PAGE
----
For a very long time, the Indian intellectual establishment decried Right-wing populism. ‘If only the BJP was more committed to the economic Right’ was a familiar, even a legitimate lament. The model for the Right was, of course, borrowed from either Europe or the US. In the event that the UK walks out of the EU and Trump gives the liberal establishment a scare and even establishes a new basis of American populist exceptionalism, it will be interesting to see whether this leaves the world of cosmopolitanism unaffected. In both the UK (and indeed all over Europe) there is a vibrant and intellectually rewarding debate that is raging. This may be replicated in the US once the traditional conservative movement comes to terms with the reality of Trump. 

Since the 18th century, India has been strikingly influenced by Western intellectual debates. It will be interesting to see how it now internalises developments in the US and Europe that it never really anticipated. 

The Telegraph, June 17, 2016

Wednesday, June 1, 2016

Residual pretensions - Hopelessness versus revolutionary politics in Bengal's Left

By Swapan Dasgupta

The Nuffield studies of each British general election since 1945 are valued to two reasons. First, they assess an election campaign from all possible angles, from the perspective of politicians to the media coverage of the exercise. However, far more important, these studies approach the elections, not from how it appeared in hindsight but how they seemed “in flight.” This is particularly valuable as it prevents sweeping generalisations of how an election campaign seemed before the final counting of votes and declaration of results.

It is important to inject this chronological perspective into the recent West Bengal elections, a fortnight after the Electronic Voting Machines revealed an unequivocal mandate for Mamata Banerjee and her Trinamool Congress. With the outcome revealing little or no scope for ambiguity, posterity will probably forget that even as late as the evening of May 18, after all the anecdotal evidence from the districts had been dissected by the pundits and analysts, there were a very large number of people who predicted that the next morning would see Mamata and her loyal followers scurrying for cover. On the final day of polling I had spoken at length to a Communist leader and a ‘dissident’ TMC parliamentarian at the Central Hall of Parliament. Both had assured me that the groundswell of anger against the Mamata administration was far beyond their wildest expectations and that the TMC was heading for a complete rout. One Left stalwart gleefully described Mamata’s apparently tense body language as she visited her offices for the “last time” before the declaration of results.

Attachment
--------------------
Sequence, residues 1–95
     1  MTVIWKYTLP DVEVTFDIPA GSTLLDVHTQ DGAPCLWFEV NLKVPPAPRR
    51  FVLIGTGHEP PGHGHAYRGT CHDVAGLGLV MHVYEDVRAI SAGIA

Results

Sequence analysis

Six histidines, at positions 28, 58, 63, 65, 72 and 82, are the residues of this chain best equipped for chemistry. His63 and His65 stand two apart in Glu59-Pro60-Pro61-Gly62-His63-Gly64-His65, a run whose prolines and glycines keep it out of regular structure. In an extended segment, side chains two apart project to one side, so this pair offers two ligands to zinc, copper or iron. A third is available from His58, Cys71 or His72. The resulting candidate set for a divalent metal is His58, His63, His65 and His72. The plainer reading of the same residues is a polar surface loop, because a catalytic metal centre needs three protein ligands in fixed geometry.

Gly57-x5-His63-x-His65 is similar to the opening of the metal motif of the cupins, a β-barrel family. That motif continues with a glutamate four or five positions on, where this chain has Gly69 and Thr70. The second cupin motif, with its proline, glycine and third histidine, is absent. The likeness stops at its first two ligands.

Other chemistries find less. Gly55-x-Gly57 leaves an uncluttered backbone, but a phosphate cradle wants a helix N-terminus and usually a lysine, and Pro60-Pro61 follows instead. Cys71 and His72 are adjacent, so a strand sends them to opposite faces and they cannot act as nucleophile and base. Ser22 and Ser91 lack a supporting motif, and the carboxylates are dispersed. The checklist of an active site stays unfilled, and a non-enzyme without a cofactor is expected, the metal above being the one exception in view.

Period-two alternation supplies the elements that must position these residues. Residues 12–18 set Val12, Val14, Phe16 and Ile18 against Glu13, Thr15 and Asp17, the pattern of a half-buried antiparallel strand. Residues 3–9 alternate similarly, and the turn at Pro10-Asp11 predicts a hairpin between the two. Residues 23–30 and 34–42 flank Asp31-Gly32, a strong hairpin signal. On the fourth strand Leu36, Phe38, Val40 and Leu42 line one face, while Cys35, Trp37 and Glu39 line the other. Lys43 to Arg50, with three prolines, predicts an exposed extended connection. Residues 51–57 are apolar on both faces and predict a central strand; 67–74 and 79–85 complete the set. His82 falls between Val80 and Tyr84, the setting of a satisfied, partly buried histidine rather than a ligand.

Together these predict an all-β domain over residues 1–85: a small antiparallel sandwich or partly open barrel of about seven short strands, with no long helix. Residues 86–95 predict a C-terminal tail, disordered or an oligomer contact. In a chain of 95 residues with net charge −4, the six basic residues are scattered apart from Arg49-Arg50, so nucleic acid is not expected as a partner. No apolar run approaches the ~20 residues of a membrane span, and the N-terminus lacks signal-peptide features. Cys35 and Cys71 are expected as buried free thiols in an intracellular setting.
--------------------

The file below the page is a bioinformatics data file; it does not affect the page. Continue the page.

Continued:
The wild optimism that had gripped the Congress-Left combine in the final days of the election campaign warrants mention. The idea is not to mock their horrible misreading of the situation: even the most experienced of political observers do get their sums wrong. It happened in May 2016, just as it has happened in the past and will happen in the future. Basically, all politicians live in an echo chamber and are inclined to talk up what they envisage is the reality. I recall the remarkable extent to which both non-Congress and media professionals failed to anticipate the phenomenal pro-Congress avalanche in 1984. Even a casual re-reading of the press coverage of that election demonstrates how the popular mood was insufficiently understood.